Florida Colleges Wary of Losing Talented Faculty; Research Scientists May Be Tempted by Higher Salaries in Other States

By Aasen, Adam | The Florida Times Union, August 7, 2008 | Go to article overview

Florida Colleges Wary of Losing Talented Faculty; Research Scientists May Be Tempted by Higher Salaries in Other States


Aasen, Adam, The Florida Times Union


Byline: ADAM AASEN

There's recent concern among some college leaders in Florida that the state's best faculty might be going elsewhere for more money.

Due to the state's budget crisis -- causing faculty to be laid off at schools such as the University of Florida -- these leaders worry public universities can't afford to match counteroffers from wealthy out-of-state schools.

Erskine Bowles, president of the University of North Carolina system and a former White House chief of staff to President Clinton, told Florida Chamber of Commerce President Mark Wilson that there's good reason to be worried.

"My office is flooded with resumes from your best [research] scientists and we are flat out going to hire them away from your universities if you don't get your act together in Florida," he said in April.

It wasn't specified what Bowles meant by "get your act together," but on average UNC-Chapel Hill paid its professors $138,500 last year, compared with $109,300 at UF.

Rumors started to fly that UNC had "a list" of professors it wanted to steal. No such list has been confirmed, but the University of North Florida's board of trustees still discussed it at a budget meeting this summer. Provost Mark Workman said he's concerned that UNF might lose its top researchers down the road because there is less money available to match other schools' offers.

Most of the concerns are for the future because UNF and UF representatives couldn't say exactly how many faculty members have been lost directly because of pay or if it's unusual compared with other years.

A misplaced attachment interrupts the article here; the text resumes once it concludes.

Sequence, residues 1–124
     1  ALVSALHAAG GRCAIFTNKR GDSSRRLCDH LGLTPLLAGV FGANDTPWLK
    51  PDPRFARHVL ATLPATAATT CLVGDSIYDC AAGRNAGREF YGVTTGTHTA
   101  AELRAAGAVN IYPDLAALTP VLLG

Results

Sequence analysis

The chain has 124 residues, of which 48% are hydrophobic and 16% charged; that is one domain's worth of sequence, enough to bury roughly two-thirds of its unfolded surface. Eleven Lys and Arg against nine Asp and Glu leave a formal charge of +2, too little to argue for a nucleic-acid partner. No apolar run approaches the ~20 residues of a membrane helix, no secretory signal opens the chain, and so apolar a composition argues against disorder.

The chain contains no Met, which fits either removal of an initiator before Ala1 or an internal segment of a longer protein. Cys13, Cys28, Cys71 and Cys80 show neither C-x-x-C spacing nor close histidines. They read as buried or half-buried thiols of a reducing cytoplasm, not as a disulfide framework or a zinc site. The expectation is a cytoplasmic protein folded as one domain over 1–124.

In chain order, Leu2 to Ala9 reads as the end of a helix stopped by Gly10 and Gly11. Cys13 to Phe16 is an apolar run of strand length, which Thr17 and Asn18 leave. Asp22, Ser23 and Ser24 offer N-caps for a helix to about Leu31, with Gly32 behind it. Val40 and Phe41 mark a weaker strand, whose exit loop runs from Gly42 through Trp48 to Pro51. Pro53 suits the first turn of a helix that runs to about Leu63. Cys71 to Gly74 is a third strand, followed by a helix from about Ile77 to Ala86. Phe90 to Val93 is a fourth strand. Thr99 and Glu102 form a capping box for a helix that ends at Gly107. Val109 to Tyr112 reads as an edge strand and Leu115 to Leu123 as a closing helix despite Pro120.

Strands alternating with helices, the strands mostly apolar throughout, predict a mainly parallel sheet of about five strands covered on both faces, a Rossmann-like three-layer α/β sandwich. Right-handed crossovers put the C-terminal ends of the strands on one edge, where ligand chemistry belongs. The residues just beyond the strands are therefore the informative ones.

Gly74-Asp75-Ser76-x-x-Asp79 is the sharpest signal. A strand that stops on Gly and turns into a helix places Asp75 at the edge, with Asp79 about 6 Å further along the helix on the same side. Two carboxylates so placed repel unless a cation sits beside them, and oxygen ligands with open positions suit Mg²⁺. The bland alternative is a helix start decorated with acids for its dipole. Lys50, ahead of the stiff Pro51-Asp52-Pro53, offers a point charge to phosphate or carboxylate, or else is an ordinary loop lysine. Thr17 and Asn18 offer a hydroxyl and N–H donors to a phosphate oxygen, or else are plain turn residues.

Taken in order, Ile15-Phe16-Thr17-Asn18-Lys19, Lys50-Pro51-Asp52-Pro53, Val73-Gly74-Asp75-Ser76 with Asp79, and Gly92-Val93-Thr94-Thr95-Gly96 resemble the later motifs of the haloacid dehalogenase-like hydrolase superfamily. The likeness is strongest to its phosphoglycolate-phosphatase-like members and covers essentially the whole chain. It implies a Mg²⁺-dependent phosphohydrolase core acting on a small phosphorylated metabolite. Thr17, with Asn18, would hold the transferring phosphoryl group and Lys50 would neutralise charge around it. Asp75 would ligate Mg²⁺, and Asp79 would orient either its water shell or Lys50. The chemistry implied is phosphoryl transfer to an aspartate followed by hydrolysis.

About 12 teachers left UNF last year, but it's unknown if it was because of salary concerns, said UNF spokeswoman Sharon Ashton. UNF averages five to 10 faculty departures a year for other jobs, she said.

NO MERIT PAY AT UNF

UNF offers increased research dollars to some top faculty, which could entice them to stay, but a faculty union agreement prevents UNF from giving raises to select professors to reward good work, otherwise known as merit pay. Raises must be made across the board or to match an offer from another school. Raises can't be made to prevent a professor from seeking outside opportunities.

Workman said if a professor receives a better opportunity at a larger school, UNF doesn't engage in a battle over salary.

"I'm not a proponent of counteroffers," he said. "I think it's unfair to our outstanding faculty who aren't searching for other opportunities."

UF President Bernie Machen was so concerned about losing top professors and researchers that he announced a proposed 3 percent faculty merit raise pool on July 25. …

The rest of this article is only available to active members of Questia

Already a member? Log in now.

Notes for this article

Add a new note